It was a case of “mission accomplished” by setting new SA records for the distance driven by petrol- and diesel-engined on a single tank of fuel.

Johannesburg to Cape Town on one tank of fuel

Willie Nel got the tongues wagging when he drove a Camry 200 Si from Johannesburg to Cape Town on one tank of fuel in 1996. The Camry averaged 4.3 l/100km at an average speed of 80 km/h, with Jan Hettema traveling with him as an official observer. This was believed to be the first time that a petrol-engined car had managed to do this trip without refuelling and the feat got several other people and companies in setting up these types of records.

Many tales of epic fuel consumption drives in South Africa

Nel, a person who loves nothing better than being behind the wheel of any type of vehicle, made himself a living legend when he set a new Guinness Book of Records entry for the most distance driven in one car in a year. He drove an Opel Monza 1800 GLX for 500 000 km in 12 months to beat the previous record by 100 000 km. His average fuel consumption for this marathon drive was 6.3 l/100km.

Nel drove in all 36 Total Economy Runs, starting with a Citroen and ending at the wheel of a Ford. During this spell he notched up a host of class wins and has always been a benchmark for economical driving.

Windhoek to Cape Town on one tank of fuel

Another epic drive by Willie Nel was at the wheel of a Camry 220 GL in 2003 when he drove from Windhoek to Cape Town – 1 457 km at 4.9 l/100km – at an average speed of 80 km/h. The low fuel warning light came on almost 200 km from the destination. Nel had to contend with headwinds and high temperatures on this trip – 440C outside and 530 C inside the car as he was not using the air conditioning. The journey lasted just over 18 hours including stops, with the car almost running out of fuel at Bloubergstrand.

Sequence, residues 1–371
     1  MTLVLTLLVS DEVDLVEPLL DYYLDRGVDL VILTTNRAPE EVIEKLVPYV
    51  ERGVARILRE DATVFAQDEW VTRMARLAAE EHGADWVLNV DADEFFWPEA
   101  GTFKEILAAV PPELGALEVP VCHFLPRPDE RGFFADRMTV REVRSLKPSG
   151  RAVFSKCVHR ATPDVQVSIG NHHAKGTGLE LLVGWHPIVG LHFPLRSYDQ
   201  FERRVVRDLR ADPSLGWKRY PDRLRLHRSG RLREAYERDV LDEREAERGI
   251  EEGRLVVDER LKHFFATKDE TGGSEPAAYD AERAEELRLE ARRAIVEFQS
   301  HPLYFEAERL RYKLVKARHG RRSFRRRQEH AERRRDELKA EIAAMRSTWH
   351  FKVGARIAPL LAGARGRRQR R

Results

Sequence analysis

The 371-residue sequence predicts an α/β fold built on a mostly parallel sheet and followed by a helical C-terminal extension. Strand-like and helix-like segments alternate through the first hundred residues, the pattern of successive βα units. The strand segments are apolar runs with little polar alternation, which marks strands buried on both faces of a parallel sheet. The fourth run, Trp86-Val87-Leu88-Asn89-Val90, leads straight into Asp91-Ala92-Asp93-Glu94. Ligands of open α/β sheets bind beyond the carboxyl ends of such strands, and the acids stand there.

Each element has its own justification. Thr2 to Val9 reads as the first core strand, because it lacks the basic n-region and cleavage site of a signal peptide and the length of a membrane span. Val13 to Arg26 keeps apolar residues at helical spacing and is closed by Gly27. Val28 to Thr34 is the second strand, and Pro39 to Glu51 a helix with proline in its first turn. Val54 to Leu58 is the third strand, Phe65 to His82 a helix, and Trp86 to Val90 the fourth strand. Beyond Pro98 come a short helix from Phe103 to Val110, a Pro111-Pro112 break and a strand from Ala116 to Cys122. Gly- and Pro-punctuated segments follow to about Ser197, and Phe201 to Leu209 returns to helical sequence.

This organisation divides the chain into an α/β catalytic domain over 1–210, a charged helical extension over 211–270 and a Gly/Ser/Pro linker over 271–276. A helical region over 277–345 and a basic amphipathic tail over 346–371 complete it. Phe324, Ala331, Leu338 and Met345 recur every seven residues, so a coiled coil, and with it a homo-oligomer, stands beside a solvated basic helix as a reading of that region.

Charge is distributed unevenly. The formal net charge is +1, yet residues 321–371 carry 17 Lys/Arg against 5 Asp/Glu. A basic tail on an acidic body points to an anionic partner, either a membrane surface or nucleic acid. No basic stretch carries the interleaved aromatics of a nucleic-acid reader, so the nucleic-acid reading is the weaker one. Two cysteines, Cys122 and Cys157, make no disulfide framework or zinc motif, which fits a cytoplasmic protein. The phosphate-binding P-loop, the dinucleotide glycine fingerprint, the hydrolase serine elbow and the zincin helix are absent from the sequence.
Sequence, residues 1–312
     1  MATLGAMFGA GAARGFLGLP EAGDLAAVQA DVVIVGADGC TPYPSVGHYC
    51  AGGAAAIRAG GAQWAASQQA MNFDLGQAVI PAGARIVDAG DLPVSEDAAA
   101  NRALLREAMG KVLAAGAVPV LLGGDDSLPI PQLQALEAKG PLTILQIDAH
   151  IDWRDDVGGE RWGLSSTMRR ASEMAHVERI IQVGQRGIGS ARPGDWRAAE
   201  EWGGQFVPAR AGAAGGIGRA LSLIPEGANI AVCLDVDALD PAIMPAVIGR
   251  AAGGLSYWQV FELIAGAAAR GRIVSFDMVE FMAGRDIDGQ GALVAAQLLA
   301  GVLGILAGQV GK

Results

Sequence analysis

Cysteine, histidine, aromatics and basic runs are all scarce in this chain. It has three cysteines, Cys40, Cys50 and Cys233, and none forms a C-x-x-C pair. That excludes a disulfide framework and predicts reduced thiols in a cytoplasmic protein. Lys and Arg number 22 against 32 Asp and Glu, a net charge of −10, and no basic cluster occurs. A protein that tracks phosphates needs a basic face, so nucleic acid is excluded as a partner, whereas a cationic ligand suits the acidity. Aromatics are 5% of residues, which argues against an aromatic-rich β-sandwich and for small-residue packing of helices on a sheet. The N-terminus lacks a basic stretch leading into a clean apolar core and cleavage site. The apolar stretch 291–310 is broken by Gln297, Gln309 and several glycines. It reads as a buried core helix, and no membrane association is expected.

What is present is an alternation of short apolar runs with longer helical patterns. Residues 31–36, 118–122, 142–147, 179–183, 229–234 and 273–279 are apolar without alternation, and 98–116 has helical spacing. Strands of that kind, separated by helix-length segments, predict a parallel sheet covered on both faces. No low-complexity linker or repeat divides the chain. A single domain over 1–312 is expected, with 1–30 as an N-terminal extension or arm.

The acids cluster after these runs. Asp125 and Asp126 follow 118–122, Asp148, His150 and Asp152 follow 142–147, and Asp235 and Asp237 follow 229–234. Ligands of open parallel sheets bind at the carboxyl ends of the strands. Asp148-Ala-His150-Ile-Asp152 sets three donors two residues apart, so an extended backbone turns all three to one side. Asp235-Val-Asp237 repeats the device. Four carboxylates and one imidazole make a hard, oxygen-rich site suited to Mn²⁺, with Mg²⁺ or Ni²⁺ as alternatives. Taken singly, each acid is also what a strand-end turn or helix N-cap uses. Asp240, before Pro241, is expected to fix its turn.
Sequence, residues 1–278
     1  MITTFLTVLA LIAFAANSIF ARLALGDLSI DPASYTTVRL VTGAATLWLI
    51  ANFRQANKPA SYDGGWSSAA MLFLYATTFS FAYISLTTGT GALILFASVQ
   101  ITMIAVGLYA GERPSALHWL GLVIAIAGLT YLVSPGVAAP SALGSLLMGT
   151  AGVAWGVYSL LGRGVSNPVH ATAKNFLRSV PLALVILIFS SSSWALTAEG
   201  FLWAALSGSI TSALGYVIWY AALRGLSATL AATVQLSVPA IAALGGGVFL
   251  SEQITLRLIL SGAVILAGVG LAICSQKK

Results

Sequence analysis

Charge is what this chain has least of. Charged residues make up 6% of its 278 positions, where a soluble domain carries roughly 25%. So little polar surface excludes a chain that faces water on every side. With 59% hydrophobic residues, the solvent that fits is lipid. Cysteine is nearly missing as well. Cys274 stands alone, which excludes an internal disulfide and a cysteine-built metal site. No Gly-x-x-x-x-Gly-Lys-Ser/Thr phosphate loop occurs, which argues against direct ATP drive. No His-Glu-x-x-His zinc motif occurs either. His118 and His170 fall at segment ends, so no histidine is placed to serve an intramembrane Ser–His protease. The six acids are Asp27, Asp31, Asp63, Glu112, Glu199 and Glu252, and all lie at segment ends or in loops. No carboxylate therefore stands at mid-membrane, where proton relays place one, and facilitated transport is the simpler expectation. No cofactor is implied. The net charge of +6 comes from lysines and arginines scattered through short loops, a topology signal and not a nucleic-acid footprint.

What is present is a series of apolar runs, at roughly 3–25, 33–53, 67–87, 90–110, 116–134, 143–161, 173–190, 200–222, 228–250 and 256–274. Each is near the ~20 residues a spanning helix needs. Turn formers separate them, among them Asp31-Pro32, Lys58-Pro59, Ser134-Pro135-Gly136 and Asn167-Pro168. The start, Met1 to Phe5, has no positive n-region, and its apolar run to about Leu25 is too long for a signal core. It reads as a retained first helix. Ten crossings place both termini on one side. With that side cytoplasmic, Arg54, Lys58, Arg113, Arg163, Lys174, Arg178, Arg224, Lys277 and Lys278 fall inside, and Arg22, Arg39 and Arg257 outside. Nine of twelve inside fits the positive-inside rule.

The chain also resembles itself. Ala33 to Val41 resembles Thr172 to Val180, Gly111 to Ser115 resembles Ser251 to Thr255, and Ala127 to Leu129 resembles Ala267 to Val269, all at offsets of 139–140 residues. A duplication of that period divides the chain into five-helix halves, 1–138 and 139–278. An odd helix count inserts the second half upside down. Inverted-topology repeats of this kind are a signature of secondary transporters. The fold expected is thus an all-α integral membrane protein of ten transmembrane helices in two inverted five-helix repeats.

Swakopmund in Namibia to Maputo in Mozambique on one tank of fuel

This time Willie Nel traversed the centre of Southern Africa, from Swakopmund to Maputo from coast-to-coast on one tank of fuel in a Toyota Prado diesel, averaging 5.6 l/100 km for the 1 670 km journey.

Gaborone-Pretoria-Swaziland-Maputo on one tank of fuel

Another of Nel’s achievements was driving a Nissan Micra from Gaborone in Botswana to Maputo in Mozambique, via Pretoria and Swaziland – a distance of 900 km – in one day. Average fuel consumption was a miserly 3.3 l/100 km.

Cape Town to Pretoria on one tank of fuel

Roger Rouessart is another regular and successful competitor in the Total Economy Run who has also undertaken some epic drives on one tank of fuel. He competed in 35 of the 36 Total Economy Runs that were held and scored many class wins as well as taking an overall win.

Roger’s first long run was in 1997 when he drove a Ford Escort 1.8-litre turbo diesel 1 450 km from the Houses of Parliament in Cape Town to the Union Buildings in Pretoria. Roger, who was accompanied by observer Jan Hettema of Motorsport SA on the 18-hour non-stop drive, had earlier in the year recorded the lowest fuel consumption in the Total Economy Run in an identical Escort.

Rouessart said on arrival in Pretoria that he believed he could still have driven to Polokwane with the fuel remaining in the tank. Average speed for the run was 81 km/h.

Pretoria to Durban and back to Durban on one tank of fuel

Another epic trip undertaken by Roger Rouessart was to drive a Jaguar XF 2.2 turbo diesel from the Union Buildings in Pretoria to the Durban beachfront and then back to Pretoria on one tank of diesel fuel. The trip was monitored by Richard Carstens on behalf of Motorsport SA.

Many tales of epic fuel consumption drives in South Africa

The successful attempt saw Rouessart’s car, and an identical model driven by Ignition TV presenter Marius Roberts, cover a distance of 1 265 kilometres in two days. Rouessart’s car used 62.351 litres (4.9 l/100km) while Roberts’ model used 64.461 litres (5.1 l/100km). These figures were very close to Jaguar’s official claimed extra-urban fuel consumption figure of 54.8 l/100km.

Roger also evaluated the fuel economy of a Jaguar F-Pace sports car when he joined the competitors in the 2017 Motorcycle Economy Run in the Free State, and he beat some of the four-cylinder 1 600cc BMW tourers with the 2-litre turbocharged F-Pace